Dr. Carey Wright, the state education superintendent, says educators deserve credit for setting high expectations for the state's students, and the students deserve credit for meeting them.
Photo by Imani Khayyam.
JACKSON Mississippi's public-school students are showing significant gains in graduation rates and kindergarten literary, the Mississippi Department of Education is reporting.
MDE says that 80.8 percent of public high-school seniors graduated this school year, compared to just 78.4 percent in the last school year. This record high is still a few points shy of the national average—82 percent for the 2013-2014 school year—but Dr. J. P. Beaudoin, director of research and development at MDE, said in a press statement that the state could surpass that number in the next few years. Students with disabilities also saw gains, graduating at a rate of 33.6 percent this year, up from 27.5 percent last year.
"The credit is due to the hard work of our teachers and principals who continue to set high expectations for children, and our children continue to meet and except those expectations," State Superintendent Carey Wright said in an MDE statement. "I'm particularly pleased to see the progress of our students with disabilities. We are not where we should be as a state, but we are increasing the opportunities for students with disabilities to participate in general education classes. Through the state's graduation options, we also opened multiple pathways for students to earn a diploma."
The state's youngest public-school students also saw significant gains on the STAR Early Literacy exam, an assessment distributed only to kindergarteners. The state average score grew from 502 in the fall to 703 in the spring; last year, the fall score was 501 and topped out in the spring at 680. MDE reports that all students scored above the 530 kindergarten readiness benchmark this spring. This means they've mastered at least 70 percent of early-childhood literacy skills. That includes knowing the alphabet and the sounds letters make, and being able to read from left to right—a feat that 65 percent of the state's kindergarteners did not achieve last fall, The Hechinger Report reports.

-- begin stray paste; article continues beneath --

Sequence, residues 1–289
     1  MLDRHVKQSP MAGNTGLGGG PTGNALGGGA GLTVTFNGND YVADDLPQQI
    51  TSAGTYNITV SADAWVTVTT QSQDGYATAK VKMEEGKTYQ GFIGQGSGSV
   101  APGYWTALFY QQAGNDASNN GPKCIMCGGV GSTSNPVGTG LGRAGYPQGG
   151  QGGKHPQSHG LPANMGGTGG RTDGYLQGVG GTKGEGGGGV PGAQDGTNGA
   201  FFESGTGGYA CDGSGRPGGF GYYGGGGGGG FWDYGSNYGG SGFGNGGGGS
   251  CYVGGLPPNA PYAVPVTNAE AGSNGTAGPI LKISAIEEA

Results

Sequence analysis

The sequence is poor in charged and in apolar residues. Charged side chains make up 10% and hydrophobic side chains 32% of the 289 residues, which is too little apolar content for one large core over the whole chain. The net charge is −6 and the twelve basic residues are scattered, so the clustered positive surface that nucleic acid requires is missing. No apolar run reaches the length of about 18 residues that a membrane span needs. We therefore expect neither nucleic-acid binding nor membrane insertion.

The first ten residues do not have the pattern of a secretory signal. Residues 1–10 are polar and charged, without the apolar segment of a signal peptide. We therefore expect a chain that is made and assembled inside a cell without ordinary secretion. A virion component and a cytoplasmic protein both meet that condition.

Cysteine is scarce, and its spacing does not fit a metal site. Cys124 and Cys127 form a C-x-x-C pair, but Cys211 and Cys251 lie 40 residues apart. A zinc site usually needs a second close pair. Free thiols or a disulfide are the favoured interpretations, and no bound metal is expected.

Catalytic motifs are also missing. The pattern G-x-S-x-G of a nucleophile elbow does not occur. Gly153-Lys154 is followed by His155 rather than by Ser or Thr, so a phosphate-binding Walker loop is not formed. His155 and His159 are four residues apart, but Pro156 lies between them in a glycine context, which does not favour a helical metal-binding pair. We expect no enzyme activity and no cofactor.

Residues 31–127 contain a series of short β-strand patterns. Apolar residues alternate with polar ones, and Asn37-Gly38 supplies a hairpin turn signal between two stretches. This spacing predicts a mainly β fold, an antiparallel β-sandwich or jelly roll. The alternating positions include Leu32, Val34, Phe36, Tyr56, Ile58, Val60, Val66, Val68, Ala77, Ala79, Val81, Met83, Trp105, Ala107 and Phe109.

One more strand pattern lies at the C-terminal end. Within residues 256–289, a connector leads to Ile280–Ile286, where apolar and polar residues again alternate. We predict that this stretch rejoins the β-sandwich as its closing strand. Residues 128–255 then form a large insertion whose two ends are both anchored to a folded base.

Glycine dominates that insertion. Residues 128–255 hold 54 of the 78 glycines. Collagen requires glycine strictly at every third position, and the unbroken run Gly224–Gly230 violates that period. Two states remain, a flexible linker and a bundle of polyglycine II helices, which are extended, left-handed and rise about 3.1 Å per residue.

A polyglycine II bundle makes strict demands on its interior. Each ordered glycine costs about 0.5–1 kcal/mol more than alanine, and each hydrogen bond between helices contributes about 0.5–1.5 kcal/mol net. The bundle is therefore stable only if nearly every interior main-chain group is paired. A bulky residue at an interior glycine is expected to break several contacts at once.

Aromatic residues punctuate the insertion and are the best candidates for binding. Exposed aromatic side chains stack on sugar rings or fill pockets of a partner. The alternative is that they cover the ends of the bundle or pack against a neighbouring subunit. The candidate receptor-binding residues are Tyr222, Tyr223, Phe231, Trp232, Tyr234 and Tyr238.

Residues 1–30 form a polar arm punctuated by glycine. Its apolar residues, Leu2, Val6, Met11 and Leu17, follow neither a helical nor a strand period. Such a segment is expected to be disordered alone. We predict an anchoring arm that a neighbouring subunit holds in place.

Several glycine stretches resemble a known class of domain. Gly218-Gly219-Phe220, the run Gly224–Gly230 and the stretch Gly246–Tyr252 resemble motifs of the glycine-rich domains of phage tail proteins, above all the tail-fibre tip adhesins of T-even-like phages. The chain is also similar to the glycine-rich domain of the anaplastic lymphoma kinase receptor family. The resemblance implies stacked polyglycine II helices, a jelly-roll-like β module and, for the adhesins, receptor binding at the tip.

"These scores demonstrate that our state's kindergarten teachers did an even better job than last year helping students build the foundational literacy skills they need to be successful throughout their education," Dr. Kim Benton, chief academic officer for MDE, said in the press release. "Our schools' and teachers' focus on literacy is making a significant impact on student learning."
"I am proud of our state's kindergarten teachers and school leaders for their hard work and dedication to equipping their students with the literacy skills they will need for success in school," Wright said in the release. "Reading instruction must remain a major focus of kindergarten through the 3rd grade so that all children build strong reading skills before they complete elementary school."
Sierra Mannie is an education reporting fellow for the Jackson Free Press and The Hechinger Report. Email her at firstname.lastname@example.org.